While that’s good for Mets fans (and baseball at large), it may create concerns for baseball’s other 29 owners. It will be interesting to see if Cohen makes a big splash and whether he hews closer to what the Boston Red Sox have done (occasionally break MLB’s luxury-tax threshold only to drop below it in subsequent years) or to what the Dodgers have done (spend well more than the luxury-tax threshold for multiple years). While a wildly spending Cohen would be exciting for fans, he could raise the ire of his fellow owners in the “Lodge” if he makes the rest look bad light for showing fiscal restraint, whether that restraint is legitimate because of the pandemic or otherwise.

What The Future Holds

The big question is whether Cohen will be approved by the league’s owners. On the plus side, Cohen provides deep pockets and would ensure that a cornerstone club in the country’s largest market doesn’t fall into the same mess that caused the Dodgers (under Frank McCourt) and the Texas Rangers (Tom Hicks) to file for bankruptcy protection. The fear, of course, stems from Cohen’s old run-in with the SEC.

Outside that, Cohen will almost assuredly have his eye on the purchase of SNY. That may be a harder nut to crack. After all, this isn’t the first time Cohen has tried to purchase the Mets. He walked away from a purchase of the club at a $2.6 billion valuation in February. That deal saw Sterling retain control of the club for five years after the sale, with Fred Wilpon serving as Mets CEO and Jeff Wilpon as chief operating officer during that timeframe. The New York Post reported at the time that Cohen backed out of the deal because he was “deeply unhappy” with a last-minute alteration of the deal by the Wilpons. Given that Sterling is the majority owner of SNY, they may wish to retain it to allow some control from a distance.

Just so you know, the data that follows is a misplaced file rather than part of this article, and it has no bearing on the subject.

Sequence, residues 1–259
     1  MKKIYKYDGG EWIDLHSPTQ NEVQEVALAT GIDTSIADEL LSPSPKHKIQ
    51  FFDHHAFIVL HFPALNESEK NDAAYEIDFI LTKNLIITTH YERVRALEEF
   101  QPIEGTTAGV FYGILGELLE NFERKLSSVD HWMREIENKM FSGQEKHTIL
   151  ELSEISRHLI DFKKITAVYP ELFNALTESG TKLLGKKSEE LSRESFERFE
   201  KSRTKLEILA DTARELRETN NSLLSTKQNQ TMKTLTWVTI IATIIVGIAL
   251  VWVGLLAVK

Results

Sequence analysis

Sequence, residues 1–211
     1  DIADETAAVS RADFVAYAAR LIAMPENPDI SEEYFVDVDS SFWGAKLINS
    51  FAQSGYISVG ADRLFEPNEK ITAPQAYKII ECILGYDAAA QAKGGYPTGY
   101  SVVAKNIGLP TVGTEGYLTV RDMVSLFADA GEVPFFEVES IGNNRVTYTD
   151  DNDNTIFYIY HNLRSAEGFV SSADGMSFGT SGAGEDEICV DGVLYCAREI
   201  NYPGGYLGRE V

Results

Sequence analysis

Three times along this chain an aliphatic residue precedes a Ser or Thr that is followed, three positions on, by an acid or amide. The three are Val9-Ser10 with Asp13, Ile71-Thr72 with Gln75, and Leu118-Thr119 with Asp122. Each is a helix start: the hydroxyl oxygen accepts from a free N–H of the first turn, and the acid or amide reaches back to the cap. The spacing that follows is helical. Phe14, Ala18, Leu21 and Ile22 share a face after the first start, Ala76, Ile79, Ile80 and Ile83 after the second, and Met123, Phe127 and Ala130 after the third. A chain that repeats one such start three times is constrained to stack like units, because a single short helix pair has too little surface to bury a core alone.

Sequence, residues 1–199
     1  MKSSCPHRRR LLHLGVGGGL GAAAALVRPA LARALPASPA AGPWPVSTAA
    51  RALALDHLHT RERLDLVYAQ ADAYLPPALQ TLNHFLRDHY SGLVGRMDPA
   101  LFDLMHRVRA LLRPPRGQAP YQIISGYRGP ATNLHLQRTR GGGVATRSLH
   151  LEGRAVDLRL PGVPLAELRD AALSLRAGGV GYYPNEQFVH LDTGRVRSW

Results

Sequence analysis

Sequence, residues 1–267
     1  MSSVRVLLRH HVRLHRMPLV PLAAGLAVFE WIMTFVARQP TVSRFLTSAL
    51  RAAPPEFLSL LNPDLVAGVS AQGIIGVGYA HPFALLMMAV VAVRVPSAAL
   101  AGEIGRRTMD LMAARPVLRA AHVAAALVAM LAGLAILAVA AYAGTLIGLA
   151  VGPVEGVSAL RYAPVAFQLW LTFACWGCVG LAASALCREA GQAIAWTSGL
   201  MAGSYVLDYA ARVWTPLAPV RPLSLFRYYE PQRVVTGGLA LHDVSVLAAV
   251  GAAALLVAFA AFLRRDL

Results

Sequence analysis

If Cohen is approved, will he look to put his own stamp on the club? If that’s the case, could general manager Brodie Van Wagenen be out the door?

In a larger sense, Cohen could breathe new life into the team’s business partnerships given his wealth and his reach. The Mets are an incredible asset because of their placement in New York.

Finally, does Cohen—warts and all—bring addition by subtraction to the New York Mets? Objectively, the Wilpons have not been the best stewards of the club since they took over the club in 2002 for $391 million. Cohen may be the key to righting the ship, but it’s no given. Other club sales have seen fans look to new ownership as the knight in shining armor only to find out otherwise. (Fans of the Orioles didn’t wind up with Jeffrey Loria but didn’t get much better in Peter Angelos when the club was up for sale in bankruptcy court.) If Cohen is approved in the next MLB owners’ meetings, we’ll soon find out.